Facebook’s internet.org project is all about scooping up future users before they get a taste for Google, according to this author. Those future users are predominantly in those parts of the world which suffer from poor internet access. So the ZuckerBorg will connect them – but only through the matrix of Facebook and those “services” deemed friendly to FB share price obviously.
It’s an interesting read and like one of the comments below, seems quite commonsense and obvious. Infact, it seems to be a kind of physical representation of Facebook and other social platforms ethos:that the “free” platform isn’t really free, value is extracted in other ways. The stink emanates from the humanitarian/not-for-profit marketing angle. Though this will change. Facebook’s strength comes from its ability to weather the tirade and morph into more consumer friendly (or atleast digestable) forms.
Facebook has about the same number of users as Google: about 1.4 billion. That’s one out of five people on earth. And the social network made US$12.4 billion off them last year – that’s about US$ 8.65 per person on their service. While Google made $66 billion off about the same number of people – almost $46 per head – a revenue efficiency more than 5 times that of Facebook. And that gap isn’t narrowing nearly fast enough.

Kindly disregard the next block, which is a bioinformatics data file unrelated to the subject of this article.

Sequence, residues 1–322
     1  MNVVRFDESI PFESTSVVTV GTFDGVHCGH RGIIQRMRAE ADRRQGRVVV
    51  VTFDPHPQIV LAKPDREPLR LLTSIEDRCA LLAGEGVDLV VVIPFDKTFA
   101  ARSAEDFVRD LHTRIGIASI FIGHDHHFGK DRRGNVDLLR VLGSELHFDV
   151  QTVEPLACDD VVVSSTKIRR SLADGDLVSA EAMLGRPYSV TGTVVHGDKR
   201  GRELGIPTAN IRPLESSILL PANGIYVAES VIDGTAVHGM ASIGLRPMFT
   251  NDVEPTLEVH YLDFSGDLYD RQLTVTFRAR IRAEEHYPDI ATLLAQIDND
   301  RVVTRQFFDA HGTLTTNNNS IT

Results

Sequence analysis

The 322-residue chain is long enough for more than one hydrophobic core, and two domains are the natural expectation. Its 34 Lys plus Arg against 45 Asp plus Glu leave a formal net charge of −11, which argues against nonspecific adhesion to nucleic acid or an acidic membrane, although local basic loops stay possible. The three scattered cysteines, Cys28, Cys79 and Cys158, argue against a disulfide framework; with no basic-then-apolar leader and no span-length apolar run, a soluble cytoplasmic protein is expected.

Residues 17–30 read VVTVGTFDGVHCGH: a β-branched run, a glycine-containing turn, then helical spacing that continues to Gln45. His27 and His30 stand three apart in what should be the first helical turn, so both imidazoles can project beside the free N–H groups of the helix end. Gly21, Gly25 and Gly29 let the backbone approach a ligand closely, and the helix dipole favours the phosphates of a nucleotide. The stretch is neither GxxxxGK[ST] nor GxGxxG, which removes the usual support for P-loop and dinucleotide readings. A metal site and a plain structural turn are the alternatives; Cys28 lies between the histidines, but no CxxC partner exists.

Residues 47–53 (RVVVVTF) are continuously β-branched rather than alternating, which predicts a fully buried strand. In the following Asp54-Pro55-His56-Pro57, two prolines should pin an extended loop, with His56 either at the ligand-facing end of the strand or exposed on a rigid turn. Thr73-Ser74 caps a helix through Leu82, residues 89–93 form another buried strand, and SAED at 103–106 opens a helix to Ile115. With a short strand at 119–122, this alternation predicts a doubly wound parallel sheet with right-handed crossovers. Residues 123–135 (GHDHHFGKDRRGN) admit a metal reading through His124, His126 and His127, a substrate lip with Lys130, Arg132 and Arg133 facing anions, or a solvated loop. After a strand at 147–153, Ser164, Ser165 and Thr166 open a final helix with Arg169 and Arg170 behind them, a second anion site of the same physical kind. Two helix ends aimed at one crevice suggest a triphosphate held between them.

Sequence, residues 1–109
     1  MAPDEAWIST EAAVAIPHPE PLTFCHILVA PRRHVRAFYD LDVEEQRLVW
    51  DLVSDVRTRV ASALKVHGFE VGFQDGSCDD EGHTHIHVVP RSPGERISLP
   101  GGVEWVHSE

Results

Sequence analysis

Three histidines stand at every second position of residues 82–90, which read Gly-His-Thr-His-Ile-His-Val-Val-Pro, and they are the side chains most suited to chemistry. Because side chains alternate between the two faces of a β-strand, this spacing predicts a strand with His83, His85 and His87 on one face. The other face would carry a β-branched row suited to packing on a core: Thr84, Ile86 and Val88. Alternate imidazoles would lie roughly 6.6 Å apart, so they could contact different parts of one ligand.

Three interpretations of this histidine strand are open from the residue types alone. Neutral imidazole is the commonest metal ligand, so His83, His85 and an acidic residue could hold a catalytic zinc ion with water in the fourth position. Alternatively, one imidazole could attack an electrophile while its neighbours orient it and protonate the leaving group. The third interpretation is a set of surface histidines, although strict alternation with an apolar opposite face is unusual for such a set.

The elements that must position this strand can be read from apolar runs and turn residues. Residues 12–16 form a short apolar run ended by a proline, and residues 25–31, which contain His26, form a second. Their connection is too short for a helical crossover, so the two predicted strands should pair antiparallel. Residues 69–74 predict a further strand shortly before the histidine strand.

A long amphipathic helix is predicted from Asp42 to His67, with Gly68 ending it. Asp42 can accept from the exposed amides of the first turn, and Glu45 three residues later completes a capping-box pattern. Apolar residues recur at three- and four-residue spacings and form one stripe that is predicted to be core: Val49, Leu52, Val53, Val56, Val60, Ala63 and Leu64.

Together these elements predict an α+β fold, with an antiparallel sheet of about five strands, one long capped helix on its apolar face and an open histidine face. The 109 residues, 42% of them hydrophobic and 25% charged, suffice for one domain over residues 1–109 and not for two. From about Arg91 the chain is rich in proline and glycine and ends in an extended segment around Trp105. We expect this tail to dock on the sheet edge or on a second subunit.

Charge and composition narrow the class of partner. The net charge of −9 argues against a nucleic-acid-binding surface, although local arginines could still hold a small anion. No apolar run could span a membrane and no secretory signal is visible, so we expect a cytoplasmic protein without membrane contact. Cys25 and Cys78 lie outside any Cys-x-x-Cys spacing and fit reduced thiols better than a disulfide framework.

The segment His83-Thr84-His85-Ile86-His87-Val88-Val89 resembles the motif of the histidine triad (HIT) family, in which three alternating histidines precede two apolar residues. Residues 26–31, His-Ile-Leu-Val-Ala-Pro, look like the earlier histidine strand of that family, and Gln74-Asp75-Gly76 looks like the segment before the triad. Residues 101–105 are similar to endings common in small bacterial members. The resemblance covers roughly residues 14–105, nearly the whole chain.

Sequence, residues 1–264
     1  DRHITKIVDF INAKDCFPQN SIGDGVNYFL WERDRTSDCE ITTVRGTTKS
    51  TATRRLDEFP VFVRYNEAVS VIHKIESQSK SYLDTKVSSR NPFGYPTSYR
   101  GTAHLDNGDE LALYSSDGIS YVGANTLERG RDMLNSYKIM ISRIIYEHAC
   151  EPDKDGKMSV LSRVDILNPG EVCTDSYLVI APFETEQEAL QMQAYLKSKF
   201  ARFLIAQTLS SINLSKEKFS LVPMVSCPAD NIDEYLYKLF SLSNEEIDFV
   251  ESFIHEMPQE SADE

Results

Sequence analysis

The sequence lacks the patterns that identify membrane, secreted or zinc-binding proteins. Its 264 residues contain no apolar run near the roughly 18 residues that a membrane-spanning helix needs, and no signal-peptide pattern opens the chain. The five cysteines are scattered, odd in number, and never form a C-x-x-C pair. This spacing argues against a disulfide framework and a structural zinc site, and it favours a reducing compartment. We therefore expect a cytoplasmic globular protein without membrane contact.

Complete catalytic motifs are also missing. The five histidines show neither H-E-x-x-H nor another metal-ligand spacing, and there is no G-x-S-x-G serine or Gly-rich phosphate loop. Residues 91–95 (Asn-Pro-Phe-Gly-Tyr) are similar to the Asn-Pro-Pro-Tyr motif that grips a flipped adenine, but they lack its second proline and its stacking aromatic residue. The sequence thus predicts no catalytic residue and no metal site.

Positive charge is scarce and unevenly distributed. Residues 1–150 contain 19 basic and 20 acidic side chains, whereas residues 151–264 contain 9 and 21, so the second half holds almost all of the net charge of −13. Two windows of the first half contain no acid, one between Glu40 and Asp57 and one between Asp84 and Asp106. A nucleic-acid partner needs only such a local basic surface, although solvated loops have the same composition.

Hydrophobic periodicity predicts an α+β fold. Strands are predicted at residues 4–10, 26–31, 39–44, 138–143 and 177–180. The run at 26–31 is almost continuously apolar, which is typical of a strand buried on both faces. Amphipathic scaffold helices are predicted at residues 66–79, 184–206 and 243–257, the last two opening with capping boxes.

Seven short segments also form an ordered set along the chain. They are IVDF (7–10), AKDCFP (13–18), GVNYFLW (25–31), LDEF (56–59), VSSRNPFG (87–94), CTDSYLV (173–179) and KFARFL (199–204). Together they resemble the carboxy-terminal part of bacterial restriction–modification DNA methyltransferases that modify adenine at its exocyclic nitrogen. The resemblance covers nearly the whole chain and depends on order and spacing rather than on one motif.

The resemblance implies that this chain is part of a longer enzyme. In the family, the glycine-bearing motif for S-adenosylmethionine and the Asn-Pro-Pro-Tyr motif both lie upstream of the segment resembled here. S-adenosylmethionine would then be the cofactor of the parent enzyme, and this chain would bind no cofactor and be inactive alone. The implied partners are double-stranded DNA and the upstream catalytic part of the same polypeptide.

Revenue growth to support Facebook’s stratospheric stock price at 60 times earnings is a big challenge, I’d imagine. Oh, and even at 5 times the revenue efficiency, Google’s Price-to-Earnings (P/E) ratio is less than half of Facebook’s – so the pressure on the Facebook stock price can only increase with time.
There’s only so much you can squeeze out of the first world – the current billion or so people – even though Facebook has cut virality, decreased organic reach and tried every which way of getting someone, anyone to pay more for visibility on its once-open social network. A more desperate measure was probably needed.
Image: Maurizio Pesce